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These gloves were collected by Edward Nelson, an explorer who was stationed on the Bering Sea coast of Alaska from 1877 to 1881. These gloves are made from bird skin and are affiliated with the Inupiat (Eskimo) Alaska Native group. The gloves were collected from the Diomede Islands, which are home to approximately 4.7 million seabirds according to Audubon Alaska. We are unsure what kind of bird was used to make these gloves. The birds would usually be caught using nets or bolas like this. We also are unsure what the lining is made from, but the cuffs appear to be made from polar bear fur!
This object was collected by Dr. Aleš Hrdlička, the founder of the American Journal of Physical Anthropology, near King Island, Alaska, and was accessioned into the museum in 1926. This object is affiliated with the Inupiat (Eskimo) Alaska Native group. It is 53 cm long and 4.5 cm wide. It is made from walrus tusk with scrimshaw depictions of a kayak, seals, and a bear’s head relief at the end. There are four rows of small round holes on the surface that would have held ivory pegs which would be used to keep score during the card game, cribbage. There is also a small ivory peg that keeps the tusk upright during play.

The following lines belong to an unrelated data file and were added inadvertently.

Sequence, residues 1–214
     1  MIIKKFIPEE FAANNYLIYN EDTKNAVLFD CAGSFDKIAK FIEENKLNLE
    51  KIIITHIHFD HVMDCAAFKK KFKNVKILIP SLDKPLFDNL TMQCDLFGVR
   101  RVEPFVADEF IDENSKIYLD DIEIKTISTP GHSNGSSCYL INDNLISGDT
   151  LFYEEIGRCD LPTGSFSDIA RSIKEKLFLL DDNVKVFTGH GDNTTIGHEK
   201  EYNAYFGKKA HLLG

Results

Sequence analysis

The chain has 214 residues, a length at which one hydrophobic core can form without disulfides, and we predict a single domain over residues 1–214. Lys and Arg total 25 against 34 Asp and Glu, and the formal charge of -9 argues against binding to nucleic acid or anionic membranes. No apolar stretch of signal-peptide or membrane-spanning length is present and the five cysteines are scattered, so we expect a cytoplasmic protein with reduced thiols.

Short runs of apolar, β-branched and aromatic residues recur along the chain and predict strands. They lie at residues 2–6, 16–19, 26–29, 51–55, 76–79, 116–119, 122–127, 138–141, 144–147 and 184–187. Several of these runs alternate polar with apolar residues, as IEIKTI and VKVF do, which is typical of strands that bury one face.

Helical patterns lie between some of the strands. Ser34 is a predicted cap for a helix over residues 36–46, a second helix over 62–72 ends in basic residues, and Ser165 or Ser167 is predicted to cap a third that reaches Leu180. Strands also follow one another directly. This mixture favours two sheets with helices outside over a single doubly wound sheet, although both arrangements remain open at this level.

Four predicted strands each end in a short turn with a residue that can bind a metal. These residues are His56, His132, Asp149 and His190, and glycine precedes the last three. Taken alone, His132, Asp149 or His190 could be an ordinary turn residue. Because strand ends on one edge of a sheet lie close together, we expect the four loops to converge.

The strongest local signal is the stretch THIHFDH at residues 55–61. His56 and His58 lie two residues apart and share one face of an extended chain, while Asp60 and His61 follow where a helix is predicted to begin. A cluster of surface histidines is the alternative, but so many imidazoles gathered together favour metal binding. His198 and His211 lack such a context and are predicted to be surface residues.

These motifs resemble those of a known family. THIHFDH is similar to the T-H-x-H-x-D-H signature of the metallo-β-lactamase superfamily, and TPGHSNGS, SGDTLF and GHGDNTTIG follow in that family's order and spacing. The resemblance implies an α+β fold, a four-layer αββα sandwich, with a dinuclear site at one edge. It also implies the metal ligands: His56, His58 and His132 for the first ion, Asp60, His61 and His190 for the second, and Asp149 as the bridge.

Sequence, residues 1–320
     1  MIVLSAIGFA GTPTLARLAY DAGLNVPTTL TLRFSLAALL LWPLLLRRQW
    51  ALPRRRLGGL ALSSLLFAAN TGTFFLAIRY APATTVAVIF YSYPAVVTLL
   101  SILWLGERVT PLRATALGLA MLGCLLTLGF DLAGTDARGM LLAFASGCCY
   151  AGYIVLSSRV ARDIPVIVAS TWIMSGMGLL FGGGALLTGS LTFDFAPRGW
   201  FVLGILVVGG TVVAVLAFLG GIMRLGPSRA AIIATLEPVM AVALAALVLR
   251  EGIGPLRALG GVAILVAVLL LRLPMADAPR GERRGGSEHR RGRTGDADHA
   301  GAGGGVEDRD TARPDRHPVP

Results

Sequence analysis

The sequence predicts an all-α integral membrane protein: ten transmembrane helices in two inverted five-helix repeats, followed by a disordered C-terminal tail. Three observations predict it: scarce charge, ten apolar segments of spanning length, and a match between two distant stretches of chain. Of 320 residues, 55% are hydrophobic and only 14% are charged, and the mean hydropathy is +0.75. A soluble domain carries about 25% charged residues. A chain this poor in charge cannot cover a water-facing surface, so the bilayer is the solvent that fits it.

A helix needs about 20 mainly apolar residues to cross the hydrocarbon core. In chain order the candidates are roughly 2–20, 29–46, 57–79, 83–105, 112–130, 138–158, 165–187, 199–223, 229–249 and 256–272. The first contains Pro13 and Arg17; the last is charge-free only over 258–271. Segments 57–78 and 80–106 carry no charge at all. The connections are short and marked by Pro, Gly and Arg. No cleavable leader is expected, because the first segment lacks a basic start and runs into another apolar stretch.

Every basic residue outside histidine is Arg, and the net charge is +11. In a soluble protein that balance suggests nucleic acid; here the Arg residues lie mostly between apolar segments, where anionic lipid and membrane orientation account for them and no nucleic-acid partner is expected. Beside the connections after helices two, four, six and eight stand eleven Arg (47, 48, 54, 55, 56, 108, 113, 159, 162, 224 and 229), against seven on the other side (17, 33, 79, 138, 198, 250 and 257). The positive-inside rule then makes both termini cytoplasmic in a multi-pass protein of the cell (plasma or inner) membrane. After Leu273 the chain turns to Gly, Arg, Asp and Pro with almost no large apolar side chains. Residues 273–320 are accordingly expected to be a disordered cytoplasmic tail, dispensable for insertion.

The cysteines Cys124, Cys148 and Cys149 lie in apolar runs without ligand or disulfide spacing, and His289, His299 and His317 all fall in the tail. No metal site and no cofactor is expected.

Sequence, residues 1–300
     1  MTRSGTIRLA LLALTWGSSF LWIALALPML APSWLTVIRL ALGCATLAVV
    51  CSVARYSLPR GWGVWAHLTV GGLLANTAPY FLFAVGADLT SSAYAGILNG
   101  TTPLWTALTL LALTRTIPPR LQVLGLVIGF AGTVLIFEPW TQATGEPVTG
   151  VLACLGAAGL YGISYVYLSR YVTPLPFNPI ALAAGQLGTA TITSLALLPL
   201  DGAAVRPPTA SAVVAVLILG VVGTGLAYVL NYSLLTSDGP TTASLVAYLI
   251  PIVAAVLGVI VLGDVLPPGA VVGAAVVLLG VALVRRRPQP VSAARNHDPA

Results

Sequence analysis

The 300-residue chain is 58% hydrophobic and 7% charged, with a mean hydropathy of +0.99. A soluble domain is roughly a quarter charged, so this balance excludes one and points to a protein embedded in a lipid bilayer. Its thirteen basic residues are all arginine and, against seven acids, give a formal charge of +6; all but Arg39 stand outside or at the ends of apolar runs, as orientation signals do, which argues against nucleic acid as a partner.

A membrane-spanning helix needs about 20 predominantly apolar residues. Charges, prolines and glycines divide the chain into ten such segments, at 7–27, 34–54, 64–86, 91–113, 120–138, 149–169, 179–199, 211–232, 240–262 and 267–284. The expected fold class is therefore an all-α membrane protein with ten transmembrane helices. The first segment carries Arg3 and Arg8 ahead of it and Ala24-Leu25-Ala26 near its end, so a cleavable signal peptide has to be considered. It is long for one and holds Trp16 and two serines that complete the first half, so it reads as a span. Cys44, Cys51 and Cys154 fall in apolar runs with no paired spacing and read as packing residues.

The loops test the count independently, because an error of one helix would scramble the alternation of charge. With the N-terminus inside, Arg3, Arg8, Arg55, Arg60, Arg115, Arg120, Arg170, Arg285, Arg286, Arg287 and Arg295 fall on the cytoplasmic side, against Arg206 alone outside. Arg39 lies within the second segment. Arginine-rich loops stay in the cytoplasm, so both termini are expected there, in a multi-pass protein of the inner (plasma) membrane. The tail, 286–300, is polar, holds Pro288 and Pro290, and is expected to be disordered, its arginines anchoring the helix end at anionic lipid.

If you want to see more of scrimshaw designs on the cribbage board check out the other images taken by our photographer!